This Dark Age

A manual for life in the modern world.

By Daniel Schwindt

NOTICE:
This Dark Age is now available in paperback on Amazon. The print version is MUCH cleaner than this online version, which is largely unedited and has fallen by the wayside as the project has grown. If you’ve appreciated my writing, please consider leaving a review on the relevant paperback volumes. The print edition also includes new sections (Military History, War Psychology, Dogmatic Theology).

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Avoidance of apologetics

Another thing we might as well get out of the way concerns what we would call the “persuasive” approach, wherein the writer writes in order to convince the reader that his position is rational, defensible, and valid. In popular Christianity this is called ‘apologetics’—which has as its goals the defense the faith and the ‘winning’ of converts. It should be obvious already that I am making no effort in this work to be ‘scholarly’ in what I write here, but I would like to go further, so that it is plainly understood, and say that I’m not even trying to be particularly convincing, especially from the point of view of Christian apologetics. To be truthful, I will admit that ‘the defense of the faith’ was once a soul-sucking concern of mine—I made serious efforts to demonstrate to others the truth of what I saw—but I have matured (a little) since then, and these days I want no part of it.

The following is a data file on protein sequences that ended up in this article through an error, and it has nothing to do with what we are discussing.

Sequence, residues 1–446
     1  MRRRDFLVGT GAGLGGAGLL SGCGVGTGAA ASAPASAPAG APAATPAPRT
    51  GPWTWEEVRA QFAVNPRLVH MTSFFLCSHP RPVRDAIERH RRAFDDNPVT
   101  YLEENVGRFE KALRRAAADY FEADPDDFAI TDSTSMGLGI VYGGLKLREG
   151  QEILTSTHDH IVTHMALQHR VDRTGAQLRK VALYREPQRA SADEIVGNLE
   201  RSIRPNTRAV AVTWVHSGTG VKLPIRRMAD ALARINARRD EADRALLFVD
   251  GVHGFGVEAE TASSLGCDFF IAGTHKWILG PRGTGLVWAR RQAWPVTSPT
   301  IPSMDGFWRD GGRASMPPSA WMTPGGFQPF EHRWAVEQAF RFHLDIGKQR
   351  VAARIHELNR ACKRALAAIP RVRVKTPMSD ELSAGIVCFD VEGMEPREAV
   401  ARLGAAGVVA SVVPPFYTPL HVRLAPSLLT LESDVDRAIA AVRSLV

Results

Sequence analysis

I have no wish to convince anyone who does not wish to be convinced. I merely offer this collected data, with the understanding that my readers will take or leave it as is appropriate to each. If anyone becomes persuaded by anything written here, it is not a ‘success’ chalked up on my side of the scoreboard, and it may be just as likely that the person I persuaded was merely fickle or credulous, in which case little good has been done for either of us. If I digress into argumentation, it should be taken as nothing more than that: a digression.

The “apologetic” attitude automatically impoverishes dialogue, especially the kind of dialogue we are trying to have here. Some things can only be stated with approximate clarity, but never demonstrated with certainty, and in these cases it is always up to the individual to do the inner work required to integrate the data, or else, through discernment, to ignore what I’ve said as incomprehensible or incorrect. Often, and contrary to the assumptions of egalitarian education, there is no explanation capable of making the idea comprehensible to all—there are only intimations which can lead those capable of travelling. Why this is, and what that means for doctrinal exposition, I will explain later. For now, please know that my position is that when it comes to doctrine, ‘apologetics’ is an utter waste of time. It profanes the sacred and confuses the student by drastically over-emphasizing the importance of rationalist argumentation.

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